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Unleveled English course will expand to a third of ninth graders at BHS next year

The outside of Brookline High School in May 2024. Photo by Artemisia Luk
June 7, 2024

Brookline High School will significantly expand its pilot of an unleveled ninth grade English course, which was the subject of a contentious School Committee debate this past spring.

The pilot course was introduced as part of a broader unleveling initiative by BHS, titled “Reimagining Ninth Grade,” which was slated to begin in the 2024-25 school year with all ninth grade students taking the same, unleveled English course. After an outcry from parents, the change was voted down by the School Committee in March, and the unleveled English course next year will continue to be one of three options instead of the only option for ninth graders.

In the 2023 to 2024 school year, 112 students took the heterogenous English course, “Responding to Literature Humanities,” which was split into five sections, according to Gabe McCormick, the senior director of teaching and learning at the high school. Starting next fall, 197 students, divided into 10 sections and making up around a third of ninth graders, have chosen to take the course.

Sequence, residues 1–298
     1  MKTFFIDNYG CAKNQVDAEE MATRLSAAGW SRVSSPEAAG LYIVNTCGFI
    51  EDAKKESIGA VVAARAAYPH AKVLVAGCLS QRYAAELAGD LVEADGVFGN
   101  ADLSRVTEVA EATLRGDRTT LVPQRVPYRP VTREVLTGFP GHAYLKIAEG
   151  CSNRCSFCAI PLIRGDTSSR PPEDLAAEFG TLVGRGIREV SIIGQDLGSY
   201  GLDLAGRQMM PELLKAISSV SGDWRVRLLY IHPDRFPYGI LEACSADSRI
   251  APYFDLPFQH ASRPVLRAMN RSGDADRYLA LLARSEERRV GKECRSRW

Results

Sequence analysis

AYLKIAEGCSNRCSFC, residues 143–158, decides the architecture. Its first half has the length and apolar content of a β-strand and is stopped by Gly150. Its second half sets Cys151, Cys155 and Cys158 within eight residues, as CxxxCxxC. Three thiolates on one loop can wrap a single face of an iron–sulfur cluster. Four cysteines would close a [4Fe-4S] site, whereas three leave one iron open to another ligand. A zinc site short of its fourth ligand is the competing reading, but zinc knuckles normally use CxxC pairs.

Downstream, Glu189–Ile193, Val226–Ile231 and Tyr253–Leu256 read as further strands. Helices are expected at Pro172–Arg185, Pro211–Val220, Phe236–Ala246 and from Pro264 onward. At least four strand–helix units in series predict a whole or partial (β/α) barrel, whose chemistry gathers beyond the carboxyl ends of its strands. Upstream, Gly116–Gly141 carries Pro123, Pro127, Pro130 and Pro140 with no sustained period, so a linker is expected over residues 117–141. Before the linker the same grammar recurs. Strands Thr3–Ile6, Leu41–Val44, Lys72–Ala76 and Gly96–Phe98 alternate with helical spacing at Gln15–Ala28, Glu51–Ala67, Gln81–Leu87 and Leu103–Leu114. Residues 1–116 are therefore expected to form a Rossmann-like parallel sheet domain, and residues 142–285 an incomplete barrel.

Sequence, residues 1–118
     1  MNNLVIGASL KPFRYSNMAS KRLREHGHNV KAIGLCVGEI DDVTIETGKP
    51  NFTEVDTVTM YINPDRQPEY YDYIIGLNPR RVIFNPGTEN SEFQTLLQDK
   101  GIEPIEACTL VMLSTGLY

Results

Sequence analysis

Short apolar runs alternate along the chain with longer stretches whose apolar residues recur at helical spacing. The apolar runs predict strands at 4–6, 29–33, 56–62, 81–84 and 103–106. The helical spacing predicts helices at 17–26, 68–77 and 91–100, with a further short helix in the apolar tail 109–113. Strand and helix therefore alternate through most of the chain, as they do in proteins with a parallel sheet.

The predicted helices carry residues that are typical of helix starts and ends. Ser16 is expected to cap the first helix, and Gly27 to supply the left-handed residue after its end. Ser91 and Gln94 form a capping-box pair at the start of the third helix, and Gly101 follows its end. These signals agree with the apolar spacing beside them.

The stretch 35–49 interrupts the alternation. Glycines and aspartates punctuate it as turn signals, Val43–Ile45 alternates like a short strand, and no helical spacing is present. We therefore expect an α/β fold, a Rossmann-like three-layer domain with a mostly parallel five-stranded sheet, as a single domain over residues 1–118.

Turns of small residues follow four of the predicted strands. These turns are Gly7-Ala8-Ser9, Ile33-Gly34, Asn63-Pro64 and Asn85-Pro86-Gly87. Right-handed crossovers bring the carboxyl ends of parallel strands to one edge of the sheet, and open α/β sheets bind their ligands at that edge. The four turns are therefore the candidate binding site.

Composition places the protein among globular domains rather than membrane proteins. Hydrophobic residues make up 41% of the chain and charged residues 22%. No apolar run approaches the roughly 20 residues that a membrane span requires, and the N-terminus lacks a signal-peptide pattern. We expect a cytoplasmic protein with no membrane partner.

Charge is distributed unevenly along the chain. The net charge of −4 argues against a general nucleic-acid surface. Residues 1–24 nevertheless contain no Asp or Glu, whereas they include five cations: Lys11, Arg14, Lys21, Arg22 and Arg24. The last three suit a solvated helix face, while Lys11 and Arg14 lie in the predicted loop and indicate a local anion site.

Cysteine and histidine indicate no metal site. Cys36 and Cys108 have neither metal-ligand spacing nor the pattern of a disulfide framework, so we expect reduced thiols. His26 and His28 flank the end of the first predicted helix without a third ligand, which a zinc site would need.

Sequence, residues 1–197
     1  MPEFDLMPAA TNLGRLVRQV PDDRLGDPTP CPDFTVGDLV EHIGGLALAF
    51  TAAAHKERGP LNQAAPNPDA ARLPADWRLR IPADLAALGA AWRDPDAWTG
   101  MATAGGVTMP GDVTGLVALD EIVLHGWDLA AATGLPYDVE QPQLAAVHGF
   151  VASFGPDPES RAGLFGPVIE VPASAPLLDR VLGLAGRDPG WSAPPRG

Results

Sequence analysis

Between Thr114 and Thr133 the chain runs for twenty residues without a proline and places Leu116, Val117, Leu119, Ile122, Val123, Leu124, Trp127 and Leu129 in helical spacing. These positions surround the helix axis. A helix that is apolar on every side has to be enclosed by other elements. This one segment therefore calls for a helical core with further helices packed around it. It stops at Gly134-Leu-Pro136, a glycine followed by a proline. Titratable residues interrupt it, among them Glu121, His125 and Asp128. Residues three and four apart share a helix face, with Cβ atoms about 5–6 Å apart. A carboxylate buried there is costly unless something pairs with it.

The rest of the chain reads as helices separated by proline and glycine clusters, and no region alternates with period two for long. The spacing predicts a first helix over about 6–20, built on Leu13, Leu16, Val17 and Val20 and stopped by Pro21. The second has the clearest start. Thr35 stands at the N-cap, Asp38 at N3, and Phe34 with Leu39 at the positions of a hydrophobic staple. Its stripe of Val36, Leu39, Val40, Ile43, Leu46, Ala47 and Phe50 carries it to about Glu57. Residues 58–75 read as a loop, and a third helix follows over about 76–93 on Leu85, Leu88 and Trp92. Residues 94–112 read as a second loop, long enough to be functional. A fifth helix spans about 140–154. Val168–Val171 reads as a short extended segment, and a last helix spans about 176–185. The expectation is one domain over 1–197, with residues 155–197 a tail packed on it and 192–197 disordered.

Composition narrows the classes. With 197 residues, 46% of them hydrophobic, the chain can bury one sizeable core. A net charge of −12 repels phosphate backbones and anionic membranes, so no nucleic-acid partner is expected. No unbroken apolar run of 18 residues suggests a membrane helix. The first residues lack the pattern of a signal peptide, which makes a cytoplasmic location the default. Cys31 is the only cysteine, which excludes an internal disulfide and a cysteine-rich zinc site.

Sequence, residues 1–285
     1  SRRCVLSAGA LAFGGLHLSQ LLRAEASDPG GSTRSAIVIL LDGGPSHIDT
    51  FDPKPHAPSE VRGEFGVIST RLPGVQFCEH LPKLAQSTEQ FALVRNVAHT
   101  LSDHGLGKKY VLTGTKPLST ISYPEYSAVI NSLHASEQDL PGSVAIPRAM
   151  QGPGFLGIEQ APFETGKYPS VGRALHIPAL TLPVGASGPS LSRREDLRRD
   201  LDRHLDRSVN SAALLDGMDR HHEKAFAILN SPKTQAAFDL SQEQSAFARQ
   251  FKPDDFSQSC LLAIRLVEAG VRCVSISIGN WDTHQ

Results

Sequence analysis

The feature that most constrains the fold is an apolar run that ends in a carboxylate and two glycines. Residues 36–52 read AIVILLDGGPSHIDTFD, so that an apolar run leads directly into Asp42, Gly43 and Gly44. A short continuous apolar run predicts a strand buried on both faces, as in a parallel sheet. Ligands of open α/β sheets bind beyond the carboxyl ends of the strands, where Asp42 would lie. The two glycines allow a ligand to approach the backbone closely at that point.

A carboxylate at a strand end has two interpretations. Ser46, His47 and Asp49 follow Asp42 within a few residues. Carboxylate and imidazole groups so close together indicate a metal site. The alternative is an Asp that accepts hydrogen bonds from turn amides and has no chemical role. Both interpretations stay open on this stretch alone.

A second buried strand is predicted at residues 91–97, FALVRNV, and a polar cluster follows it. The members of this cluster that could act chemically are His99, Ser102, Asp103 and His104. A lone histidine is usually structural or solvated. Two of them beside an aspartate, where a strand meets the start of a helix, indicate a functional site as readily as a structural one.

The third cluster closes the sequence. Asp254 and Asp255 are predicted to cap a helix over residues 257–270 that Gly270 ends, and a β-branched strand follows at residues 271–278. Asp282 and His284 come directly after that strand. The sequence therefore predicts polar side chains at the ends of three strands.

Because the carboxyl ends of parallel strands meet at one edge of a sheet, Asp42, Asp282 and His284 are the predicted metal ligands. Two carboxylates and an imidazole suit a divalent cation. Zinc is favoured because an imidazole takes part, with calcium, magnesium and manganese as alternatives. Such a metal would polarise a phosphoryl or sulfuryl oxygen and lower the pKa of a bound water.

The course is designed based on the experience of local educators and students, successful programs in schools across the country and research done by experts, McCormick said.

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McCormick said the pilot course allows students to adjust to BHS at their own pace, noting the difficulty many students face in joining a more than 500-person graduating class after coming from much smaller class sizes in eighth grade.

“There are many students who started out choosing some of the medium or easier books, and as the year progressed they chose more and more challenging books,” McCormick said. “That choice and flexibility for students as they enter Brookline High is a key part and that’s a new thing that this course provides.”

The pilot aims to address racial inequities and make higher-level classes more widely accessible at BHS, where Black and Hispanic students are more often placed in lower-level English classes, according to data the district shared with Brookline.News.

Black and Hispanic students made up more than 40 percent of standard and College Prep English courses and about 10 percent of Honors English courses in the 2023 to 2024 school year — and students who start in lower-level classes are more likely to stay in lower-level classes throughout their high school career, McCormick told Brookline.News in February.

‘I’m not going to send her to Brookline High if it’s unleveled’